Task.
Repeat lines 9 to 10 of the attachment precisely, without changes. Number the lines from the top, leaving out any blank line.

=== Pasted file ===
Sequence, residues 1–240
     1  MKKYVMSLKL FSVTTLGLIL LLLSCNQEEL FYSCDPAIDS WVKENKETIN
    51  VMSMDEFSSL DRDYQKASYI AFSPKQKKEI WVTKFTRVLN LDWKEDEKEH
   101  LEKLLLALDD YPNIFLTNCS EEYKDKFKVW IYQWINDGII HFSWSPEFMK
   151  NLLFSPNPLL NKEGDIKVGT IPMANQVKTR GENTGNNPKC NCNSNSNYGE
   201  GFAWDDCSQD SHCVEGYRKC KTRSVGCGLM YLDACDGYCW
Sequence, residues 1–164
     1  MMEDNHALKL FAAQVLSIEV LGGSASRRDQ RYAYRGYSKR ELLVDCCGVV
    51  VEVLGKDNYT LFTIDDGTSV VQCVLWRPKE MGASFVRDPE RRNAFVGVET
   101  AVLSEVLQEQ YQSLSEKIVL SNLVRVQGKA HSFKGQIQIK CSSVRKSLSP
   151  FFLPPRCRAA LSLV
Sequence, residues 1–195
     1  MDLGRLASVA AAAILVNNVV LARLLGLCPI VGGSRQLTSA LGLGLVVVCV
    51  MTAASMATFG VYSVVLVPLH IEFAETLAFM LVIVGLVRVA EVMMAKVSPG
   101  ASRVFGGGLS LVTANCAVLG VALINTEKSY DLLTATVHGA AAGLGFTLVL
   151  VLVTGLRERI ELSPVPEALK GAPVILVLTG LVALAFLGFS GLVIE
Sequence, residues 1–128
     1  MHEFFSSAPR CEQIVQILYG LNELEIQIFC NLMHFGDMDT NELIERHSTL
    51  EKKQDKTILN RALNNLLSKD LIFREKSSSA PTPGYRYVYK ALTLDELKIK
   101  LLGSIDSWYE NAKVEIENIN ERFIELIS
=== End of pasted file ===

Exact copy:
    51  VEVLGKDNYT LFTIDDGTSV VQCVLWRPKE MGASFVRDPE RRNAFVGVET
   101  AVLSEVLQEQ YQSLSEKIVL SNLVRVQGKA HSFKGQIQIK CSSVRKSLSP